SAN FRANCISCO, CA, 2018-Dec-07 — /Travel PR News/ — A wave of consumerism swept across the United States during the 1950s. Driven by a thriving postwar economy, designers utilized bold styling to transform everyday objects into visually expressive items. Manufacturers unleashed an array of products to keep pace with demand. Stores carried everything from portable televisions and pocket-sized radios to space-age toys and plastic dinnerware sets. Many families adorned their homes with modern furniture and automatic, push-button appliances. Consumers began to purchase items because they were the latest and greatest things.
This distinctly American, consumer-based culture developed as the population of the United States soared during the 1950s. Median family income doubled and the gross national product grew by more than $200 billion. Advertising and credit replaced rationing and restraint, and a growing number of middle-class families engaged in a spending spree. Shopping centers and indoor malls with vast, paved parking lots catered to new suburban housing developments that extended from cities and towns. Often located at the intersections of major roads and highways, shopping centers offered easy access to a multitude of supermarkets and stores.
At home, television exerted a profound influence on the development of a consumer-based popular culture. TV lamps glowed atop television sets while families ate pre-packaged TV dinners on Melamine trays. Networks divided viewers into target audiences and advertisers spent large sums to promote their products. Official toys and games were marketed alongside children’s programs. Elvis Presley performed to millions of TV viewers, launching rock ‘n’ roll into the mainstream and a craze for 45-RPM records. From tabletop jukebox selectors and portable record players to battery powered robots and space-themed lunchboxes, this exhibition presents examples of futuristic styling and innovative marketing from the golden age of consumerism.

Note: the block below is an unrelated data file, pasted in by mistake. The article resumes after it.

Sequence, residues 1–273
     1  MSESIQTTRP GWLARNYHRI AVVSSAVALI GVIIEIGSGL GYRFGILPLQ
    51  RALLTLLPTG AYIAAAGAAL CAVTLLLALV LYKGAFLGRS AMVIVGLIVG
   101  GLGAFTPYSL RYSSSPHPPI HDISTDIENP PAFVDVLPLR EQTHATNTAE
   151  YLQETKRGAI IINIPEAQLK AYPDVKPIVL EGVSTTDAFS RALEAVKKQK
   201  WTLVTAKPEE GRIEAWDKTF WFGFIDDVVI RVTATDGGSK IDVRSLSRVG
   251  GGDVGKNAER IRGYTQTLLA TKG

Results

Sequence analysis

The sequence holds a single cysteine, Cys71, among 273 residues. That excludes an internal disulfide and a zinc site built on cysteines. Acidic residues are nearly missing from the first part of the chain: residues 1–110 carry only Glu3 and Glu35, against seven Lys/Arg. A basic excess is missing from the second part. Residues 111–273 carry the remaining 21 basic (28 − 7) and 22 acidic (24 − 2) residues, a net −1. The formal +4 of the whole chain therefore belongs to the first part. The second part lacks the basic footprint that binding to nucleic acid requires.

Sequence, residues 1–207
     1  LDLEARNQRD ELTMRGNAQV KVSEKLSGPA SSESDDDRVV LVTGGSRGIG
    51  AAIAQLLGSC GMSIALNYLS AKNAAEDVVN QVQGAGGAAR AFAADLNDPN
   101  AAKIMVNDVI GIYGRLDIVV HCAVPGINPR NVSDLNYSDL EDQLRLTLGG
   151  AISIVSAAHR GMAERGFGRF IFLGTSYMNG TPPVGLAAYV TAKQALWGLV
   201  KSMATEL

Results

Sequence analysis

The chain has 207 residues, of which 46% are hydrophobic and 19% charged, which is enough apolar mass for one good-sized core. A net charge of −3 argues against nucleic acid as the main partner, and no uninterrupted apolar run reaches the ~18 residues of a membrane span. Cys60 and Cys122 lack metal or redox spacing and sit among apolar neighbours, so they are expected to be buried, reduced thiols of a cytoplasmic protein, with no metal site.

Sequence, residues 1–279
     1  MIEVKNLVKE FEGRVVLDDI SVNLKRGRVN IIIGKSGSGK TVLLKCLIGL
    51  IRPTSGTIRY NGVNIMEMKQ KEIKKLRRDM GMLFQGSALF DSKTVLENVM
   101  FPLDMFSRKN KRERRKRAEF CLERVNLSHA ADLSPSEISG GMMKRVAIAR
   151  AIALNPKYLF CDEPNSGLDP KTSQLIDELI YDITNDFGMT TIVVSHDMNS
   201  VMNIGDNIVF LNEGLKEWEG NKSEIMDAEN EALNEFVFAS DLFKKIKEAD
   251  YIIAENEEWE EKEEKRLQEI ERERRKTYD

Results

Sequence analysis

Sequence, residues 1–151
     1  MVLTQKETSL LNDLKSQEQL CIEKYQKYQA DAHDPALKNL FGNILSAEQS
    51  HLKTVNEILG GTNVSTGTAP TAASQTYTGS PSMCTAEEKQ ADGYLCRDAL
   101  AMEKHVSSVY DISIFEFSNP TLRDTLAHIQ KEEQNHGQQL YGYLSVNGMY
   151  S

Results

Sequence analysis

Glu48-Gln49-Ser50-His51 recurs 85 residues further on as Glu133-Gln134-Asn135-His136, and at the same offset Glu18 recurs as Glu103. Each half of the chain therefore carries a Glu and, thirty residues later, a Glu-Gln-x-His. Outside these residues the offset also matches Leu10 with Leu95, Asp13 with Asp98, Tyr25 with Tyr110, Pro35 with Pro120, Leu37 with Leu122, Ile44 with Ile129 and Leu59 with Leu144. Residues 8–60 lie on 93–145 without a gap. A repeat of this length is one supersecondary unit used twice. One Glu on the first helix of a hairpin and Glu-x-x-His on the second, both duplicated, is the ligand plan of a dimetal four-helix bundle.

Visit https://www.flysfo.com/museum/exhibitions/modern-consumer for more information.
SFO Museum was established by the Airport Commission in 1980 for the purposes of humanizing the Airport environment, providing visibility for the unique cultural life of San Francisco, and presenting educational services for the traveling public. The Museum was granted initial accreditation from the American Association of Museums in 1999, reaccredited in 2005, and has the distinction of being the only accredited museum in an airport. Today, SFO Museum features approximately twenty galleries throughout the Airport terminals displaying a rotating schedule of art, history, science, and cultural exhibitions, as well as the San Francisco Airport Commission Aviation Library and Louis A. Turpen Aviation Museum, a permanent collection dedicated to the history of commercial aviation. To browse current and past exhibitions, research our collection, or for more information, please visit www.flysfo.com/museum. Follow us on www.facebook.com/SFOMuseum, www.twitter.com/SFOMuseum, or www.instagram.com/SFOMuseum.
About San Francisco International Airport
San Francisco International Airport (SFO) offers non-stop flights to more than 50 international cities on 44 international carriers. The Bay Area’s largest airport connects non-stop with 85 cities in the U.S. on 12 domestic airlines. SFO is proud to offer upgraded free Wi-Fi with no advertising. For up-to-the-minute departure and arrival information, airport maps and details on shopping, dining, cultural exhibitions, ground transportation and more, visit www.flysfo.com. Follow us on www.twitter.com/flysfo and www.facebook.com/flysfo.
Director of Communications
San Francisco International Airport